Stamp duty could be slashed on sales of energy-efficient homes in a bid to persuade more people to go green, the Government’s climate change minister has revealed.
Claire Perry said that cutting stamp duty, which would save buyers thousands of pounds, was one option being looked at as part of the drive to help the UK reduce carbon emissions.
Perry spoke as the long-awaited ‘Clean Growth Strategy’ was published on Thursday, with a pledge to set Britain “on a path to a low carbon future”.
The strategy includes a new target to get all homes upgraded to “Energy Performance Certificate Band C” – often by installing insulation and other measures - by 2035.
An alliance of energy think tanks, campaigners and companies recently called for stamp duty rebates for homes that had been upgraded.
Asked if the idea of stamp duty cuts was being considered to boost the number of low-carbon homes, the minister told BBC Radio 4’s Today programme: “Yes it is, and that would be one of the incentives to do it.
“It’s more likely that a home where insulation has been put in would attract a higher value. In order to meet our targets on carbon emissions…we are looking at a whole series of measures.”
At present, stamp duty of 2% is levied on homes between £125,001 and £250,000, and 5% on homes between £250,000 and £925,000. For many homes in the second bracket, tens of thousands of pounds would be cut from sales costs.
Perry added that she wanted to change building regulations and use “carrots and sticks”. She said: “In the worst energy efficient homes we are expecting landlords to upgrade those.”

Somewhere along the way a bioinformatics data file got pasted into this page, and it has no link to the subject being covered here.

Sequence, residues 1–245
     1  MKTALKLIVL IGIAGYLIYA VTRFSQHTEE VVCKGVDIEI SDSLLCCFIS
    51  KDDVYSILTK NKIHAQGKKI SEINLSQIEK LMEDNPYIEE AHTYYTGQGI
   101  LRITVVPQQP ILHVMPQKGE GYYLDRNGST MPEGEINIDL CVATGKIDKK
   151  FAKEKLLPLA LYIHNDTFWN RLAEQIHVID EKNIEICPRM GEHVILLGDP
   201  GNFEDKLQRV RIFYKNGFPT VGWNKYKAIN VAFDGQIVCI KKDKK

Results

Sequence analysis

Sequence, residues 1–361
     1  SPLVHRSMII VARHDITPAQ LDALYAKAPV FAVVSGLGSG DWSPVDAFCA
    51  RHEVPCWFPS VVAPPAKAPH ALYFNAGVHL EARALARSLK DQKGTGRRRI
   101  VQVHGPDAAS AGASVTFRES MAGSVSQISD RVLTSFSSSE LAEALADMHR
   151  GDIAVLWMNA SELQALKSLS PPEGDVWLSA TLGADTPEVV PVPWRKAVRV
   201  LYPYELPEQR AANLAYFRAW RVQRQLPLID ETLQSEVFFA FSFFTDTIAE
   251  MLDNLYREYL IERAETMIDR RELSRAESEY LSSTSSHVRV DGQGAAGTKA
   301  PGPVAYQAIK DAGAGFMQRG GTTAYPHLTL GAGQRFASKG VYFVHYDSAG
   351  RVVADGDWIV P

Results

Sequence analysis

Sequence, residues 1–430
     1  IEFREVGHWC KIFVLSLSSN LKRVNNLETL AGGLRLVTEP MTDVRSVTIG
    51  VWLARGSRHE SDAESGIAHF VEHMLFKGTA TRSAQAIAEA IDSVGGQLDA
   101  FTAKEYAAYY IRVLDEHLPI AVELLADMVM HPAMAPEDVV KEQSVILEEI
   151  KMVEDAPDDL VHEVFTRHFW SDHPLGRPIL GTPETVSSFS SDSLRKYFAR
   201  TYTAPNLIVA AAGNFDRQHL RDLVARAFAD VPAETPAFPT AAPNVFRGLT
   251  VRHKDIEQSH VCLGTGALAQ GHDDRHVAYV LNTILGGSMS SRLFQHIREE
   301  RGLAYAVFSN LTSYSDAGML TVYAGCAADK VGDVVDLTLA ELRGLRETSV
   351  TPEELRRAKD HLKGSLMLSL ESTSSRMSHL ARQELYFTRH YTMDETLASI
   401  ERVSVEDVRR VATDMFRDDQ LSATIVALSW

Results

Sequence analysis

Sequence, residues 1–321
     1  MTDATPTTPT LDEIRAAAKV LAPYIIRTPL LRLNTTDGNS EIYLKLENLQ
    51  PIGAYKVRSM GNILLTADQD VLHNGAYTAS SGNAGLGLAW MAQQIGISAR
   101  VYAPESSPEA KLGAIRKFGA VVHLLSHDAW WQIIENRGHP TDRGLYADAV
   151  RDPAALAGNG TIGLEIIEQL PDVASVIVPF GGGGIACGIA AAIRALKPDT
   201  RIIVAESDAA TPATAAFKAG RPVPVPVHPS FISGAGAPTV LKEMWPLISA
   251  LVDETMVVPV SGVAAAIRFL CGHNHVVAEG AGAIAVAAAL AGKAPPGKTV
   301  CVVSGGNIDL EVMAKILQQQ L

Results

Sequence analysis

Fresh support for ‘green finance’ would be provided, with the public not penalised through their mortgage for making home improvements.
Perry said that insulated homes in Band C on average saved £300 a year on energy bill, adding that “we’ve tried for years and years to get people” to insulate and it was time “to be much more innovative”.
Doug Parr, Policy Director at Greenpeace UK, told HuffPost UK: “Claire Perry’s nod to a potential stamp duty cut for greener homes confirms that the government is thinking seriously about the options for pushing energy efficiency to the next level.
“The increasing emphasis on incentivising people to make their homes more efficient is promising for cutting emissions. And minimising lost heat also saves energy, lowering consumer bills and leading to higher economic output. Many innovative ideas for cracking the problem of energy efficiency have been circulating amongst companies and NGOs for years. If the government can start bringing that thinking into tangible policy, that is welcome progress, if a little belated.”